LFG was something that rang a bell in the back of my mind, but I'd never pursued it. I figured "Oh, just another retroclone." Well, the reason it kept sticking out in the back of my head was because +David B kept singing it's praises (and believe it or not I pay attention to that fool). When I found out that LFG was the game being played, I was like "Sure, whatever." and didn't give it much thought. But pretty soon, my expectations were blown away. LFG is way more than "just another retroclone."

I went to the Low Fantasy Gaming website and downloaded the PDF, which is free by the way. I was immediately impressed by the quality of the production - especially for being free. The book is chock full of black and white line art and set on a nice parchment style paper. It's easy to read, and evocative. The clean two-column layout is easy to read and flows like fresh water.

LFG lives up to its name. This is not Forgotten Realms. The core rulebook has just five classes: Barbarian, Bard, Fighter, Magic-User, and Rogue. While it includes rules for playing Dwarves and Elves (using a race-and-class basis), these are very optional and it is generally assumed that all PCs are human. Magic is rare, dangerous, and something not meant to be messed with. The game repeats over and over again that magic is not common. As someone who prefers low magic, this is a huge strength in my eyes.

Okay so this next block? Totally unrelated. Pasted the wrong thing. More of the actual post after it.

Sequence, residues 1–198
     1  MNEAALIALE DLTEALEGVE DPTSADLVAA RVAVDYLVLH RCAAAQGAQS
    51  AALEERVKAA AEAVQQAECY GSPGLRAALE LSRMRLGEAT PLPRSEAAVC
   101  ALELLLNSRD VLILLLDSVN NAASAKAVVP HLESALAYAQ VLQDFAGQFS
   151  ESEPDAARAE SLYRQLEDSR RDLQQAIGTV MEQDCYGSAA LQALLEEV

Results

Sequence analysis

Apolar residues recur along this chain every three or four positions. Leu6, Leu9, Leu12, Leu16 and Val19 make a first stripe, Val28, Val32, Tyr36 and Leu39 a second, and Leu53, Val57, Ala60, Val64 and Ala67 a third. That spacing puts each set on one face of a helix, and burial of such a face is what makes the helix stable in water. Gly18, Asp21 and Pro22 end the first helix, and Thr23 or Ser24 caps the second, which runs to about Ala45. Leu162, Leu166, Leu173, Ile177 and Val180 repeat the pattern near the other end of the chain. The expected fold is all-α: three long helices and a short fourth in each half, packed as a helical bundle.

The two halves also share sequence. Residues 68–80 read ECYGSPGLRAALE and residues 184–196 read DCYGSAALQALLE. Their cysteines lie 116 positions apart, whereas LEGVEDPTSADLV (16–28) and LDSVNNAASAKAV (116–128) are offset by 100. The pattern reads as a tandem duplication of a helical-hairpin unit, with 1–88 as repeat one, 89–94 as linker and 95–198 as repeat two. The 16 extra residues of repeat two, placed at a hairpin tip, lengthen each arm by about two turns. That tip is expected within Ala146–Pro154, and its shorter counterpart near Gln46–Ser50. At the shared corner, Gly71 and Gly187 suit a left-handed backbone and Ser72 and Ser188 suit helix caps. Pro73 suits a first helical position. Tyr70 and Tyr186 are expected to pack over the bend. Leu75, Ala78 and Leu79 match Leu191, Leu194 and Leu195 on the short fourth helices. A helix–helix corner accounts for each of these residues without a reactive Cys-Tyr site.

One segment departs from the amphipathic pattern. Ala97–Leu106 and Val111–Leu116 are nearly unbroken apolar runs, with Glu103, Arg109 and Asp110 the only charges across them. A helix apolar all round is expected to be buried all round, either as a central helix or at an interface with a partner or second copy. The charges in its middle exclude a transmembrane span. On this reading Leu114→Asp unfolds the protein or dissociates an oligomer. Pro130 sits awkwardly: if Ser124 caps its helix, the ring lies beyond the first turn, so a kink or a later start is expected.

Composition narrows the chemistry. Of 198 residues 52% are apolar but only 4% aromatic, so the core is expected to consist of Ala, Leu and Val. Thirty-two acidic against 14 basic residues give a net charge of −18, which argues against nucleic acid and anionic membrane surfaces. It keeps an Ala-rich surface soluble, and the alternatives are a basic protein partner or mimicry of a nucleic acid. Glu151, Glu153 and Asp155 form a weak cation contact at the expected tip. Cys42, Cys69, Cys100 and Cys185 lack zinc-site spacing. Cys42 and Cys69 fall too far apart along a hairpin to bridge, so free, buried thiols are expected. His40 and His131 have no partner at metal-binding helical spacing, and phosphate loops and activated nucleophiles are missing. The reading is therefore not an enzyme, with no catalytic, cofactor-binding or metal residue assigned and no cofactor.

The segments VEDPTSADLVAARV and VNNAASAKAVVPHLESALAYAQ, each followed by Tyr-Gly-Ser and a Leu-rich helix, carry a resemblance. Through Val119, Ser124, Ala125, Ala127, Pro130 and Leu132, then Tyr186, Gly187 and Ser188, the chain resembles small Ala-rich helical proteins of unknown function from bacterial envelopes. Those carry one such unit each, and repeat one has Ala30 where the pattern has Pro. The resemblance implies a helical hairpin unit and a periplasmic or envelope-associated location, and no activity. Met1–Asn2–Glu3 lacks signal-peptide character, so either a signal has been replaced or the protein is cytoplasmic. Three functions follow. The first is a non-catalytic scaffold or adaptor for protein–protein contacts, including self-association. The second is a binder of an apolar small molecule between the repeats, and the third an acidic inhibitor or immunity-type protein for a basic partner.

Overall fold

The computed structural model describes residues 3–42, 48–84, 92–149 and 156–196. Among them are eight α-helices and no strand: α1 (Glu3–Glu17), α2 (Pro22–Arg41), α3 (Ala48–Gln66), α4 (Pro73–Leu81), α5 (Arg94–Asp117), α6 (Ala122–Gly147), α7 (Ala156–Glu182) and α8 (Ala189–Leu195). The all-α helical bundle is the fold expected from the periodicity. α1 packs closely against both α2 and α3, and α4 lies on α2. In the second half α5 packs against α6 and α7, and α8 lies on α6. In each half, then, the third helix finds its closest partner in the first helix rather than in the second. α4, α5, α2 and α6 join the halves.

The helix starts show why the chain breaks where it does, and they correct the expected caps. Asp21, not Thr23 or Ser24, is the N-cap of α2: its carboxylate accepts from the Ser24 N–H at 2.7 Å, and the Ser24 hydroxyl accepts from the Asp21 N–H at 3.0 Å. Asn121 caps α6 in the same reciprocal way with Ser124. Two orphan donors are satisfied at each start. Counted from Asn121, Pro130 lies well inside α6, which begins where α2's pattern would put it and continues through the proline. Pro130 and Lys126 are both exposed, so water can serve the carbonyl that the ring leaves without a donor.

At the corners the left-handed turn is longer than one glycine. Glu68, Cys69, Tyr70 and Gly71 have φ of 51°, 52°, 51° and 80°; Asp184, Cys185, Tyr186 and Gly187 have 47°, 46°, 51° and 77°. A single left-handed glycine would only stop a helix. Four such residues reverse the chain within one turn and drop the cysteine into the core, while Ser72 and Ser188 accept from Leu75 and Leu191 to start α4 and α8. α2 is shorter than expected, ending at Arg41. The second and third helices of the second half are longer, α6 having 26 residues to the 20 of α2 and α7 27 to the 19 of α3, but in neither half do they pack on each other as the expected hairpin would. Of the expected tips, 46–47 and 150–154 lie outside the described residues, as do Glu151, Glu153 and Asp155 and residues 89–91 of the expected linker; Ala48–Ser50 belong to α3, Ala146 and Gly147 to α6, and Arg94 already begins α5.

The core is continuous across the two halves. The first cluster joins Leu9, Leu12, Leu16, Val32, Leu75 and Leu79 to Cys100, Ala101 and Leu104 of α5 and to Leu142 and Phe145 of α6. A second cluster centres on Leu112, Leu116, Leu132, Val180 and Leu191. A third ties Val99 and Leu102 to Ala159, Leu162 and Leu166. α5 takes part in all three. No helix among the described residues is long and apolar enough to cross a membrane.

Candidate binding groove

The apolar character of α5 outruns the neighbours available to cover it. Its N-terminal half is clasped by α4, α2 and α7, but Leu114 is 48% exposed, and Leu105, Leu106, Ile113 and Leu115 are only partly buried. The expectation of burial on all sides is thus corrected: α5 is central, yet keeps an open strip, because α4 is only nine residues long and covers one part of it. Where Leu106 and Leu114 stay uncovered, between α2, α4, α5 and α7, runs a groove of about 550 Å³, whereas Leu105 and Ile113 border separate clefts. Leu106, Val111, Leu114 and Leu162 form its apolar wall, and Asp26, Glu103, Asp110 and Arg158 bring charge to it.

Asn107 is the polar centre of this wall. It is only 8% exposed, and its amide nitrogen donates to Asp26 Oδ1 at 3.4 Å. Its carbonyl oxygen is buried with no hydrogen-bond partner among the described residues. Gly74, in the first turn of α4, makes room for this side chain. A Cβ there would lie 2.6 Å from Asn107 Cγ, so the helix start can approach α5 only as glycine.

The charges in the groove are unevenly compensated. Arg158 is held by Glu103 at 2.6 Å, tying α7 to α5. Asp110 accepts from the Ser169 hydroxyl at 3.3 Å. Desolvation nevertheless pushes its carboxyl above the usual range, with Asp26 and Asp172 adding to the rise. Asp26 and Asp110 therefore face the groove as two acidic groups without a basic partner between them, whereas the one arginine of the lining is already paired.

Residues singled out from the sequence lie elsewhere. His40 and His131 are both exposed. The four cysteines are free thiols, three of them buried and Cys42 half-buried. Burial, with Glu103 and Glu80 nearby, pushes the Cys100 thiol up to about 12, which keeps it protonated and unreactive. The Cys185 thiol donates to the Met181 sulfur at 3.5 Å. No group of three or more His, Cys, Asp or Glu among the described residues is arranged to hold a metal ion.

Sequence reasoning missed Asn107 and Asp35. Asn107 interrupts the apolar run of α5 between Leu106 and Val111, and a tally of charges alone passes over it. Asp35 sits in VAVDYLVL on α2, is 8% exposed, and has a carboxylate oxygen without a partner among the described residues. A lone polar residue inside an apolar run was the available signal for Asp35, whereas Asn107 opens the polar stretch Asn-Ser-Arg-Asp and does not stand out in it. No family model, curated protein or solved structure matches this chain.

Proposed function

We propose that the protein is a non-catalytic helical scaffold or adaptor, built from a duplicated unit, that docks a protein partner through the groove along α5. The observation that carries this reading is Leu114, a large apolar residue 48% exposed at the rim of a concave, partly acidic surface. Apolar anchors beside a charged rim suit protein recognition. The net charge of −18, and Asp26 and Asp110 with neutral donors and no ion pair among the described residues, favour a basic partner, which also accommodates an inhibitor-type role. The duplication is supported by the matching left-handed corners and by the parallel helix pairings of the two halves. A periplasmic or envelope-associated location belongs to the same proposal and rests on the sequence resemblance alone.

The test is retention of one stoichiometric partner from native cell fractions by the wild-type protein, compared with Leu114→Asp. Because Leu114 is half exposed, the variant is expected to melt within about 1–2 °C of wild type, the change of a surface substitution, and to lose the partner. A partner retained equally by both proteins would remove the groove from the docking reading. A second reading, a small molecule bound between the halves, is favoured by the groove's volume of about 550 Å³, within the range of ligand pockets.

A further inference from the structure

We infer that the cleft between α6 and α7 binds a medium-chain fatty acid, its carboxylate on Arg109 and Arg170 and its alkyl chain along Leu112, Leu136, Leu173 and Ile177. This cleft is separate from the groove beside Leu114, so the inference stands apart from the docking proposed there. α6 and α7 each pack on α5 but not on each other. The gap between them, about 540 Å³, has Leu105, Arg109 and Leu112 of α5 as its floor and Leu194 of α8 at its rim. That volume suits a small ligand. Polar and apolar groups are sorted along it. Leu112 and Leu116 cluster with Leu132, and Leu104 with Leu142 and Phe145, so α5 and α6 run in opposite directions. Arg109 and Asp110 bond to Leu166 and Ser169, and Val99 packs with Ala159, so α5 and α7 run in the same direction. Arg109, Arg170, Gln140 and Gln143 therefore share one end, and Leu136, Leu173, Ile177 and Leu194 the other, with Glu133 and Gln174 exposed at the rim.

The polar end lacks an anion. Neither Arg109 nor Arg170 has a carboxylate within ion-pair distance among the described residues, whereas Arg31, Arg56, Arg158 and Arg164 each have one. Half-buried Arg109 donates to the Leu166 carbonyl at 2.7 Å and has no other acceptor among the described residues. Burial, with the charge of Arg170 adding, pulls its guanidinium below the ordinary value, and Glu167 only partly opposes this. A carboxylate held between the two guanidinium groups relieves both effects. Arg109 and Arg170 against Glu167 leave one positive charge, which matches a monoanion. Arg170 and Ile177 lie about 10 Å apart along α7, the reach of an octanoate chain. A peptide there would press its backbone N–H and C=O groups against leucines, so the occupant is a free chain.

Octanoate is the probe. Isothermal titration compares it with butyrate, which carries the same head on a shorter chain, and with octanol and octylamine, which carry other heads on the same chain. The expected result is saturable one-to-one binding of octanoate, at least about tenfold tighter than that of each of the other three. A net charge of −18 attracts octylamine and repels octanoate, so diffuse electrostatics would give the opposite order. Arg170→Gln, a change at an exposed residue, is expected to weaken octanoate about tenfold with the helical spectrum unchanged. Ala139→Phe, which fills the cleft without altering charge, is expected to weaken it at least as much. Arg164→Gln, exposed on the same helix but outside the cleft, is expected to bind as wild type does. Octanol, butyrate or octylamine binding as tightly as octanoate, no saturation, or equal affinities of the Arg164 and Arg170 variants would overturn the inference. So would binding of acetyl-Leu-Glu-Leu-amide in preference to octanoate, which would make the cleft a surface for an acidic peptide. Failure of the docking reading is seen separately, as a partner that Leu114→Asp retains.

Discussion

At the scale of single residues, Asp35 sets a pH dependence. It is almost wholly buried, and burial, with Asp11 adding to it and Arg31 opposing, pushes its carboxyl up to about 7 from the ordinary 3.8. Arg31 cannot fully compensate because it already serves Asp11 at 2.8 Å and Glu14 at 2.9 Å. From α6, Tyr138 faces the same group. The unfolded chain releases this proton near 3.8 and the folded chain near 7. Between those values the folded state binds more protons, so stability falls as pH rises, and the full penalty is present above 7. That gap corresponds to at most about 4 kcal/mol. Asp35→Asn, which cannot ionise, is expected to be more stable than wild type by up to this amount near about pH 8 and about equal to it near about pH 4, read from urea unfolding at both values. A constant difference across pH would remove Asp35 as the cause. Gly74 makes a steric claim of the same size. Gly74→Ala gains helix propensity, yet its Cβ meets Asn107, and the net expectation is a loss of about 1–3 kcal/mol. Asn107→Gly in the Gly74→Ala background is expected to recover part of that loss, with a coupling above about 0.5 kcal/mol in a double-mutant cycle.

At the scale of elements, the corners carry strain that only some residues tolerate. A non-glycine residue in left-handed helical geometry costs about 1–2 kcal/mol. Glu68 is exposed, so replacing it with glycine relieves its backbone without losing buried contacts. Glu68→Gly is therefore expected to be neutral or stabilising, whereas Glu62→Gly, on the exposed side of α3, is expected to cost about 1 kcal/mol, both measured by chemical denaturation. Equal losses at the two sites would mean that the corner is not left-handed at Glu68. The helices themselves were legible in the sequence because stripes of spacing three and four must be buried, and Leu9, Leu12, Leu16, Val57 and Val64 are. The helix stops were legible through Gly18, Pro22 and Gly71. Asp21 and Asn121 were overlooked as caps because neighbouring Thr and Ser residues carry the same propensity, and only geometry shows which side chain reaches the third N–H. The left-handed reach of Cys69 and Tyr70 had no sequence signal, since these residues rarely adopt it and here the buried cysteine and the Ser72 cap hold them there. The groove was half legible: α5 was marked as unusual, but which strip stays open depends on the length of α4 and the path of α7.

The game's mechanics clearly have their roots on OSR-style gaming, but make regular use of the 5e Advantage/Disadvantage mechanic. With a lower instance of healing magic, player characters find their hit points increasing with a stronger center baseline. Fighters, for example, roll 1d5+5 per level. The game does make use of some particularly funky dice (like d5s and d30s), and while that might be a turn off for some folks, I didn't mind. Given all my gaming these days is happening on Roll20 and that I've got a few sets of DCC dice, it wasn't even a thing. It also has a skill system that's robust enough to covert most situations without being bogged down in detail. If you have a skill, you get a bonus when making an attribute associated with that skill - that's it.